An incredible 48% of Americans aged 55 and older haven’t saved a thing for retirement. I’ve asked the question “How Many “Retirees” Will Keep Working?” and it appears that the answer is, a lot. Despite this disturbing proportion of Americans who haven’t saved a bit, the numbers are actually getting better. In 2013 the percent of older Americans who hadn’t saved anything was 52%. Bloomberg’s Ben Steverman writes:
Two in five of such households did have access to a traditional pension, also known as a defined benefit plan.
However, 29 percent of older Americans had neither a pension nor any assets in a 401(k) or IRA account.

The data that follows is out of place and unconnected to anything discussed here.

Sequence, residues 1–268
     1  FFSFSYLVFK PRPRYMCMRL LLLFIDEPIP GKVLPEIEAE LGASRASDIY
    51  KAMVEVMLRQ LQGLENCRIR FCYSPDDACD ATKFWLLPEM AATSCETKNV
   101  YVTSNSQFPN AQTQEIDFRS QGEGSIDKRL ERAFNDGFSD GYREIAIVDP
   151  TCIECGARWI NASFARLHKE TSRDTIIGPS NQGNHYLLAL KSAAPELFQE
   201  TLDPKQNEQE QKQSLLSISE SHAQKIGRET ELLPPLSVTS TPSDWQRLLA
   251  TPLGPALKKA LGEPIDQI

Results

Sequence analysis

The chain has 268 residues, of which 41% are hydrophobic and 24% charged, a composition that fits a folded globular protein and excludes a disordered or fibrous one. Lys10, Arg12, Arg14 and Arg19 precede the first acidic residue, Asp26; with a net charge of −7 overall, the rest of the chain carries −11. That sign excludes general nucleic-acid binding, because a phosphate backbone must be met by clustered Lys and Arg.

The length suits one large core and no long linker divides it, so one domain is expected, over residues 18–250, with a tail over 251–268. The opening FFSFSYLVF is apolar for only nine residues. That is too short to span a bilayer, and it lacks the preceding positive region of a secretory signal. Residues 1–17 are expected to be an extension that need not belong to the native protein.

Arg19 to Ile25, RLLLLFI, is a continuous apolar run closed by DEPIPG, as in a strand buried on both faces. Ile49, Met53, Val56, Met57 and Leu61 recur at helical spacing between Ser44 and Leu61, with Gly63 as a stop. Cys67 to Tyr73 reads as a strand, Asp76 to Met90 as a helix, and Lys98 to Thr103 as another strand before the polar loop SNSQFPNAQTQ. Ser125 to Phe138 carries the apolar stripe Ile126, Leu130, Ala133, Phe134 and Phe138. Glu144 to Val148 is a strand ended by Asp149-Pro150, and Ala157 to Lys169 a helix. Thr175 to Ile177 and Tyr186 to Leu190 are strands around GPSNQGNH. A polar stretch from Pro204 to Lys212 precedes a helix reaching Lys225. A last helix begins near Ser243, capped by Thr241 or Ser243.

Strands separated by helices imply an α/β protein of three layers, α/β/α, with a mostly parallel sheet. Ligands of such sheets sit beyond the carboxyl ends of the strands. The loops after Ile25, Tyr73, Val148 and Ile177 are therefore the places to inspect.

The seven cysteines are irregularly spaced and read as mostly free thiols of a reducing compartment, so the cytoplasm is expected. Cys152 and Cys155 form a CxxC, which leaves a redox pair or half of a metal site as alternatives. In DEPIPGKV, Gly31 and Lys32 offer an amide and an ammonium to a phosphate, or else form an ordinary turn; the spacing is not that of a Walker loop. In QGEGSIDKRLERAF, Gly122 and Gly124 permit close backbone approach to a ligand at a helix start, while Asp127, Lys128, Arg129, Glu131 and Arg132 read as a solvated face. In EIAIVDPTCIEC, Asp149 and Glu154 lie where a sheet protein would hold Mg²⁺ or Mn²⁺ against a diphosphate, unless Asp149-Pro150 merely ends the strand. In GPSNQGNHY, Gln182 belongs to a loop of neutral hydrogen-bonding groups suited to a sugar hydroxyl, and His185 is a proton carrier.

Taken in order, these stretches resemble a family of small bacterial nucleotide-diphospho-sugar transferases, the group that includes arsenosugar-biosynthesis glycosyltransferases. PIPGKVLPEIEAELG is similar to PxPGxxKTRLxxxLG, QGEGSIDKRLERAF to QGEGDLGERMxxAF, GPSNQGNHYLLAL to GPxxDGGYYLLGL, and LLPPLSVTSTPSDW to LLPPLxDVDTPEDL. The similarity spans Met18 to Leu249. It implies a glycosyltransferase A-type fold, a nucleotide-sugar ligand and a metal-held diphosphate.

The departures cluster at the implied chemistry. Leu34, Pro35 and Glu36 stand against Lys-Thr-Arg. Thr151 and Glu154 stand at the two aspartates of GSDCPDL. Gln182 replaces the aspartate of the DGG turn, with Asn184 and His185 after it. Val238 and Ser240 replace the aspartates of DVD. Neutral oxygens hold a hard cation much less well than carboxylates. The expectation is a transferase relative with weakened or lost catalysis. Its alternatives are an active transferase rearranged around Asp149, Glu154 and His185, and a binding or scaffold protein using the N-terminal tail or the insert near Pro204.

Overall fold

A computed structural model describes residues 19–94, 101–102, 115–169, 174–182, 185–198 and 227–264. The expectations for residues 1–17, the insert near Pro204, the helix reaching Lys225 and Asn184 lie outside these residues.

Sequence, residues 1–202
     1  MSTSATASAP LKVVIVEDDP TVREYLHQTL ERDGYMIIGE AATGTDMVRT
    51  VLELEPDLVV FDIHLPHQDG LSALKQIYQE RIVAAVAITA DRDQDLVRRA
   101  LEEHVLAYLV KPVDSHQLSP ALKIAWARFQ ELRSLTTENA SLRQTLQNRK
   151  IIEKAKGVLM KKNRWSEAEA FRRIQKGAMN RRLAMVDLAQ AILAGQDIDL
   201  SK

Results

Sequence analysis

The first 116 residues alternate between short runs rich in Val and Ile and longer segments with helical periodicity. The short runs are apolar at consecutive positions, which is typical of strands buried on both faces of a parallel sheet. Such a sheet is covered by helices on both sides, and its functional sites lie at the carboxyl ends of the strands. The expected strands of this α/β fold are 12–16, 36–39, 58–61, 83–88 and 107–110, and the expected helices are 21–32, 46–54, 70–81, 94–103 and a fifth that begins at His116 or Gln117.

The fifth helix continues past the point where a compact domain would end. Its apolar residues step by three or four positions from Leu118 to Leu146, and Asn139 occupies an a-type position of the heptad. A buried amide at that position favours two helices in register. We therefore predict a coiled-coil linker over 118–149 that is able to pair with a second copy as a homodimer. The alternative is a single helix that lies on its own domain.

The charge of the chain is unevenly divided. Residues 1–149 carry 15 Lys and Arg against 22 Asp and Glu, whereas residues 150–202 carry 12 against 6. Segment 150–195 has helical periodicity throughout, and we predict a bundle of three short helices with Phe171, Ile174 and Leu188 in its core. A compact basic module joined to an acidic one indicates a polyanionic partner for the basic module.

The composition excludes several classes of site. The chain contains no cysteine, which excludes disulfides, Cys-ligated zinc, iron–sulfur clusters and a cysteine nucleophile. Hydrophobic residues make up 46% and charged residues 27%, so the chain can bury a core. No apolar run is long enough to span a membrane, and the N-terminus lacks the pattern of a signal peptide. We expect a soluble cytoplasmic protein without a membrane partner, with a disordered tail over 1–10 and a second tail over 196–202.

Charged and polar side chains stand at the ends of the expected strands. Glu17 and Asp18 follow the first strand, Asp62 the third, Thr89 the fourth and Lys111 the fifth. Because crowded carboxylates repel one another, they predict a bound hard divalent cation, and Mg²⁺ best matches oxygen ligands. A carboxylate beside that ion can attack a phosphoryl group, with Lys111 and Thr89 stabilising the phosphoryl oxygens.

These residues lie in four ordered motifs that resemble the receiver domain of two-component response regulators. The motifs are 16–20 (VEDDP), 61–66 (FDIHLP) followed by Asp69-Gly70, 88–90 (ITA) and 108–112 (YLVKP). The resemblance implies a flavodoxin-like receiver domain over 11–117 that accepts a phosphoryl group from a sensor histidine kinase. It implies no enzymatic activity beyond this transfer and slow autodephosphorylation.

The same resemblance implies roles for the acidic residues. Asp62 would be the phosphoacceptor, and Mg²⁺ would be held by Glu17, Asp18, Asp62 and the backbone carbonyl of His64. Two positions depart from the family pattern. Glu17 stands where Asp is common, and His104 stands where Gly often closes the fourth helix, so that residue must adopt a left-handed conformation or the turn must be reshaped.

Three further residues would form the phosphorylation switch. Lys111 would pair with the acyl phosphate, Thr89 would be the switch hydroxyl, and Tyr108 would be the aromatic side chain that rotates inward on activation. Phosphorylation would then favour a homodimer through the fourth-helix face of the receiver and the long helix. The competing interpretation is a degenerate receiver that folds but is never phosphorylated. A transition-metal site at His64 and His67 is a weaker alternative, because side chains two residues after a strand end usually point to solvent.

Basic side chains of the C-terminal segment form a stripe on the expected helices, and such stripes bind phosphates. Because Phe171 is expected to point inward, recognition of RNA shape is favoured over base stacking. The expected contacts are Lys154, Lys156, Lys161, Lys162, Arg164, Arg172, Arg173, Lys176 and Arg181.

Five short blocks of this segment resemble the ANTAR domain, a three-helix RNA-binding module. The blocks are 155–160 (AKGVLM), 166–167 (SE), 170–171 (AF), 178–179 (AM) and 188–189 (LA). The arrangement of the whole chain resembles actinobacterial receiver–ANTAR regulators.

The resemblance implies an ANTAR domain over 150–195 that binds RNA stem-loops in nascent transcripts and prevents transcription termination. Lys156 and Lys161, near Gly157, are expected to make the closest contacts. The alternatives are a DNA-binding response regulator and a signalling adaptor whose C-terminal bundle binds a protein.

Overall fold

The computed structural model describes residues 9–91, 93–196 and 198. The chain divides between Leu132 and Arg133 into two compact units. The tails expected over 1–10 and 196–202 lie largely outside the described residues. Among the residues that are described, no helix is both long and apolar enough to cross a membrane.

The estimate from the GAO, the investigative arm of Congress, is a brief update to a more comprehensive 2015 report on retirement savings in the U.S. Both are based on the Federal Reserve’s Survey of Consumer Finances.
The previous report found the median household of those age 65 to 74 had about $148,000 saved, the equivalent of an inflation-protected annuity of $649 a month.
“Social Security provides most of the income for about half of households age 65 and older,” the GAO said.
The Employee Benefit Research Institute estimated earlier this month that 41 percent of U.S. households headed by someone age 35 to 64 are likely to run out of money in retirement. That’s down 1.7 percentage points since 2014.
EBRI found these Americans face a combined retirement deficit of $3.83 trillion.
A gap of $3.83 trillion is a scary sign of what’s to come for many retirees.
Read more here.
Originally posted on Your Survival Guy.
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